At Aphelion, we believe that that the key to differentiation and profits for MSPs is in offering customized, white-glove services that the big cloud companies can’t offer, and we offer a simple, cost-effective way to deliver those services. Aphelion makes it easy for MSPs to offer popular services with a series of service templates that run on our Intelligent Cloud Platform, including AI-as-a-service, DevOps-as-a-service, GPU-as-a-service, and VPN-as-a-service. Aphelion will continue to expand its group of click-and-go service engines to ensure that MSPs have the best possible suite of services that drive revenues, profits and happy customers.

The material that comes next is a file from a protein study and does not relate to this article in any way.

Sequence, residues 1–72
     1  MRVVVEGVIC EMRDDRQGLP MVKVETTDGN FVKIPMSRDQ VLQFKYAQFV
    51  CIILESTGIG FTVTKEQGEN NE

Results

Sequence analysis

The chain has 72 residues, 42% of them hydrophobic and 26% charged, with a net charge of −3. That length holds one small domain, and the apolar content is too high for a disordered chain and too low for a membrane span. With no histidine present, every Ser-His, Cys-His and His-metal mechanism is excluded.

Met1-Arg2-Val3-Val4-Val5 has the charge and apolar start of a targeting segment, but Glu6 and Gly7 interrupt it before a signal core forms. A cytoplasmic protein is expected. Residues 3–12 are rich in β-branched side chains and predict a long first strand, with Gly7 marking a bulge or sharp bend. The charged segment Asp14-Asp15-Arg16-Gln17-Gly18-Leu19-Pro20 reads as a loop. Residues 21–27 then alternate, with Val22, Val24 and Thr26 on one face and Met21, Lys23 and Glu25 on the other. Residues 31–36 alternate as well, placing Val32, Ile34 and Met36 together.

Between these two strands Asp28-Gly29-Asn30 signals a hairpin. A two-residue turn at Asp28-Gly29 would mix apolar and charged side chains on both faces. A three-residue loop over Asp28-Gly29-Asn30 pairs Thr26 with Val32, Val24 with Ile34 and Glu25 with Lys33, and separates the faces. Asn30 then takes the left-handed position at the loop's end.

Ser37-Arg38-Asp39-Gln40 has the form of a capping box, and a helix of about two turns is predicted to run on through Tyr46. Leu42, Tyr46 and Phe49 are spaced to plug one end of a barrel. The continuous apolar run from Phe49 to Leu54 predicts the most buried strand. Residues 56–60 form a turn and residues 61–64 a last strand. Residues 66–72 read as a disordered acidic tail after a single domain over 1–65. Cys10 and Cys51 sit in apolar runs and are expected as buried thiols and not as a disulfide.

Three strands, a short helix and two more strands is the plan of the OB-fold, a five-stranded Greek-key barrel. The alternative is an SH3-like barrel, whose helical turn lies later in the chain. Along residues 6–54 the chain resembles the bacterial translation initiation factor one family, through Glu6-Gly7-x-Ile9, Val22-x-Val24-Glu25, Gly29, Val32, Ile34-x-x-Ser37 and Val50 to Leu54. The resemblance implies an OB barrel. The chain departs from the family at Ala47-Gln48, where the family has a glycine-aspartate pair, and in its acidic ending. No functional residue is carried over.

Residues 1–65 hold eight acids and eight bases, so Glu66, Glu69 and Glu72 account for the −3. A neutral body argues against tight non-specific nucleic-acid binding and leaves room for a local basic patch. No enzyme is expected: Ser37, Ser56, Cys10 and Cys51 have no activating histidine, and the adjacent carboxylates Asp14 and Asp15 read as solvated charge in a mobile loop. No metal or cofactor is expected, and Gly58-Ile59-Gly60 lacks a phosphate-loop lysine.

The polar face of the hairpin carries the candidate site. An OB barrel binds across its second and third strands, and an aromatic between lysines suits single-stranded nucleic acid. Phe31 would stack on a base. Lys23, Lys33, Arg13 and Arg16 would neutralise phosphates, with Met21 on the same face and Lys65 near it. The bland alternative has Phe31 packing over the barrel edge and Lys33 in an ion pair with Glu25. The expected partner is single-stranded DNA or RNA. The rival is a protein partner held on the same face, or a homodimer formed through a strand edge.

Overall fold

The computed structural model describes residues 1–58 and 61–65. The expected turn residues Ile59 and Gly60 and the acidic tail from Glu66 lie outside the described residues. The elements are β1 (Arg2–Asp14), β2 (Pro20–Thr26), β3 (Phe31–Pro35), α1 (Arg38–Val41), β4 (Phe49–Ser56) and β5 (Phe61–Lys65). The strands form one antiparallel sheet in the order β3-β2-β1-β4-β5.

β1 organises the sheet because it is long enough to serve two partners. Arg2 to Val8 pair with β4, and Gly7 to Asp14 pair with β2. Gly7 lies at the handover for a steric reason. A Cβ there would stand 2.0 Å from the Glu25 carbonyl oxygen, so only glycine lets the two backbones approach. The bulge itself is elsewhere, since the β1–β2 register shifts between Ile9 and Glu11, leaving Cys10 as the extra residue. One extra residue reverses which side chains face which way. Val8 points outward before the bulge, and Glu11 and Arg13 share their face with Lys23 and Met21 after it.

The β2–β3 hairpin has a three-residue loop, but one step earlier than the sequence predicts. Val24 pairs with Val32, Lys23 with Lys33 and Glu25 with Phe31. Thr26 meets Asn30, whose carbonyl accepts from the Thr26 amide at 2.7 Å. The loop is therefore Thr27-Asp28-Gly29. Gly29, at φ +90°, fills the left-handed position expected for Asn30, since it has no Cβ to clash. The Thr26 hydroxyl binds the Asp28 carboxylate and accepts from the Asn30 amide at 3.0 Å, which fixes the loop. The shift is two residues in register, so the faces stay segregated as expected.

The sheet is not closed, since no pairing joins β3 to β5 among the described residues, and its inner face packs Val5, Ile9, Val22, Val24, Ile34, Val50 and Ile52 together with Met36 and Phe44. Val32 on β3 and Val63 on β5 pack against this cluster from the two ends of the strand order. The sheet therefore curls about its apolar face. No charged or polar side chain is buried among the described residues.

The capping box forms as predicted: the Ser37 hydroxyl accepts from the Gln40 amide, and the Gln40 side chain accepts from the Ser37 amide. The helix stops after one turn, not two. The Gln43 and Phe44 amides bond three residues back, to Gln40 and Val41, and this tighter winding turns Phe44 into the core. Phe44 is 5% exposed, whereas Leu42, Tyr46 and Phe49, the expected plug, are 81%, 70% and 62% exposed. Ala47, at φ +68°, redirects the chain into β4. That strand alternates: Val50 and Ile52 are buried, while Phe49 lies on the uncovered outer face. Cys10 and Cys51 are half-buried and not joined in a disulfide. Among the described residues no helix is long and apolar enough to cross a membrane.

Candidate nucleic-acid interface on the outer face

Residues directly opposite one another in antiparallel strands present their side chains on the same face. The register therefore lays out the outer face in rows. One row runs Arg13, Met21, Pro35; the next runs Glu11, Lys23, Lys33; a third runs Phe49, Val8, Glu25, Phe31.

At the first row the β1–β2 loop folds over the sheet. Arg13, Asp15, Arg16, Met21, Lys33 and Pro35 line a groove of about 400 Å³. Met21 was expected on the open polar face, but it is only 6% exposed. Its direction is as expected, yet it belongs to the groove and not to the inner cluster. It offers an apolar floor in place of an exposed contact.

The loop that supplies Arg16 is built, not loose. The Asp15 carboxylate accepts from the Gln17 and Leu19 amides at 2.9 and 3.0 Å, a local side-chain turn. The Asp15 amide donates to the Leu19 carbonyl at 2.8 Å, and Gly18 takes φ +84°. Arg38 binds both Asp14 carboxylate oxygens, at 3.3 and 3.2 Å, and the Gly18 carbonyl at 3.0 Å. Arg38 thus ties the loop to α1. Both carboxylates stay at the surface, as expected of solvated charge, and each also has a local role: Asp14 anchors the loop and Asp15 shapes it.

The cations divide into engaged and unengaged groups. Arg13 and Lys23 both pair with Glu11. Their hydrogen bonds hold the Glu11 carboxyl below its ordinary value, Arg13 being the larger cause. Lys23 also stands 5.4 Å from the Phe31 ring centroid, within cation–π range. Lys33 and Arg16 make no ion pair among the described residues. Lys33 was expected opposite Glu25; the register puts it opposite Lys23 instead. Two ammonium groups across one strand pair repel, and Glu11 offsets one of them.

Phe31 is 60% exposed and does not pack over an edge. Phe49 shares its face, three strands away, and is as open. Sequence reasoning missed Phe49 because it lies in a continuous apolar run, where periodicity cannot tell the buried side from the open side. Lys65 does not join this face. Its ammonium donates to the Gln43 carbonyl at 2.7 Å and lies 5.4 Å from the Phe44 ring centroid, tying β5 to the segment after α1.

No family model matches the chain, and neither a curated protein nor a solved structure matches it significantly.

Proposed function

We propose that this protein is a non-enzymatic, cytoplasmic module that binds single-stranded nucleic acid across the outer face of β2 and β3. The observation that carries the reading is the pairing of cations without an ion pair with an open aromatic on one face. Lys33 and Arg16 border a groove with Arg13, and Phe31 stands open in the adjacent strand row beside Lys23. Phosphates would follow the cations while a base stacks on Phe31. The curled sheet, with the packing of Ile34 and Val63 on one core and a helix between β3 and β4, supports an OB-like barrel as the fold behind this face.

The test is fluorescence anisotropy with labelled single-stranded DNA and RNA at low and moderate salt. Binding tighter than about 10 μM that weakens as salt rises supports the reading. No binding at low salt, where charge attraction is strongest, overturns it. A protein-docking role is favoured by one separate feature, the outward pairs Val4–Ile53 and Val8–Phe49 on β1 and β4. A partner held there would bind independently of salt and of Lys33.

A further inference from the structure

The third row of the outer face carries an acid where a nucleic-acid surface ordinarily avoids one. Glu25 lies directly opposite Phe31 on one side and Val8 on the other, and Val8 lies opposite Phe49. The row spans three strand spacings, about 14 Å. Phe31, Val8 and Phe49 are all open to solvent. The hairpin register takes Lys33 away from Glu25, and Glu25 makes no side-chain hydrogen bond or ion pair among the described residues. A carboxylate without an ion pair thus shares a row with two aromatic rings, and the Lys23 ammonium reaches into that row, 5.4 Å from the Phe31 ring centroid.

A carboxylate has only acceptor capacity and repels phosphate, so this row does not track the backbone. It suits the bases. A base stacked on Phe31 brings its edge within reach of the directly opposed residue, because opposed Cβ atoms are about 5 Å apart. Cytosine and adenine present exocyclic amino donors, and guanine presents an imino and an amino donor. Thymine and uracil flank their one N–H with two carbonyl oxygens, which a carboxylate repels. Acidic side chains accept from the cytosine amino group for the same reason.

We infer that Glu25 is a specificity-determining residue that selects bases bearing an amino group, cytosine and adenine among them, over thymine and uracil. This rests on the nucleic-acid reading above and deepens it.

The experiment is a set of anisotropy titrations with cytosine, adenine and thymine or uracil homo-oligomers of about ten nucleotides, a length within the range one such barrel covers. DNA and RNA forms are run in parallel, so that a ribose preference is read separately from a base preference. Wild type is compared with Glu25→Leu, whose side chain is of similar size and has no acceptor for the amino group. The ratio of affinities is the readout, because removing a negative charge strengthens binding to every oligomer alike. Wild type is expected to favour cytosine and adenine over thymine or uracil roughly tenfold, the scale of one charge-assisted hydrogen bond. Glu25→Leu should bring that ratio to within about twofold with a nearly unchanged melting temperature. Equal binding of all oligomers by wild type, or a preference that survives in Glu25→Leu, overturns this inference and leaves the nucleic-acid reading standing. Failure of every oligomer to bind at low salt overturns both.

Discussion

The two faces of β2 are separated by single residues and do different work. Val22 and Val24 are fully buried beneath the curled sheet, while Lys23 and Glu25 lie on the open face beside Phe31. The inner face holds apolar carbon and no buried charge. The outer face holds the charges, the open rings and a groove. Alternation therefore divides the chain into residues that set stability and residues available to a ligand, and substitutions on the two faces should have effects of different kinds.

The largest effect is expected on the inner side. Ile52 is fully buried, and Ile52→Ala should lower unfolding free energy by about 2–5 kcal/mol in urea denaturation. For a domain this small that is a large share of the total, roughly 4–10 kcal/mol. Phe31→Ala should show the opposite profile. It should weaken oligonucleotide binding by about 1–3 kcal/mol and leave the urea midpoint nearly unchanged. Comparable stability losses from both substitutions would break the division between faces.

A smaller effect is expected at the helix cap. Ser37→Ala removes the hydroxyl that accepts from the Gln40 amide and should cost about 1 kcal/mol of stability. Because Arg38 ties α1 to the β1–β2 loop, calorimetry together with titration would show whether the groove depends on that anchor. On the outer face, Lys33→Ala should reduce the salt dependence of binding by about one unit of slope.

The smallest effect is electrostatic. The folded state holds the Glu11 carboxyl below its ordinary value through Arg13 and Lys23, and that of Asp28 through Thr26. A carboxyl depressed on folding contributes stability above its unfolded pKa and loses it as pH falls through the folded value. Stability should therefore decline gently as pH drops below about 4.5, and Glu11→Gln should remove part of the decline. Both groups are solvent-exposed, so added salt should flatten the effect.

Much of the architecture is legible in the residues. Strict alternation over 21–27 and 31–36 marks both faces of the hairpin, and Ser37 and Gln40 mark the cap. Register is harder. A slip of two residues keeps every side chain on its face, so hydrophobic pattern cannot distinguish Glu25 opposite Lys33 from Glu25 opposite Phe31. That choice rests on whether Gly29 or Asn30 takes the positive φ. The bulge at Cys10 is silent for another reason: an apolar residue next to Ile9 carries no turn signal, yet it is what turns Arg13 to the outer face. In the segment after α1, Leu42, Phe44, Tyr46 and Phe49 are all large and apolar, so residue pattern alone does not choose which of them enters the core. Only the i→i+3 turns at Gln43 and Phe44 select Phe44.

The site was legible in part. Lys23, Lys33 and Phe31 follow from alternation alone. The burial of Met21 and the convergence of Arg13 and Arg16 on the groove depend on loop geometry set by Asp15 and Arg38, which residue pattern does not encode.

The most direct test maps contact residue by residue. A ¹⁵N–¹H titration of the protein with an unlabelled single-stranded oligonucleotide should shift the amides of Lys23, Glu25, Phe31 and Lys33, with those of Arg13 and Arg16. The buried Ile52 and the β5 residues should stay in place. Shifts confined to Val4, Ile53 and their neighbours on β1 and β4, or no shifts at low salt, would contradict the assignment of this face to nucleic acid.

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3 Way to Difuse the Threat of Ransomware

Published in Security

Any cyber-attack makes IT pros shudder, but ransomware adds an extra element by its very nature – after all, you are not only attacked, but held hostage. The genre also tests both your security plans and your employees.

Ransomware attacks are on the rise: According to the FBI, an average of 4,000 ransomware attacks took place each day in 2016, a 300-percent increase from 2015. If ransomware wasn’t top of mind before, the WannaCry ransomware attack this May showed how sophisticated – and disruptive — hackers have become. (WannaCry forced a giant like FedEx to shut down operations the day after the attack.)

In attacks like WannaCry, cybercriminals gain access to systems, encrypt critical data and hold the encryption key and data hostage. However, not surprisingly, some organizations have paid the ransom but never received the key.

The human side of ransomware

3 Way to Difuse the Threat of Ransomware

According to the “BCI Cyber Resilience Report 2017,”ransomware accounts for 19% of cyber disruptions.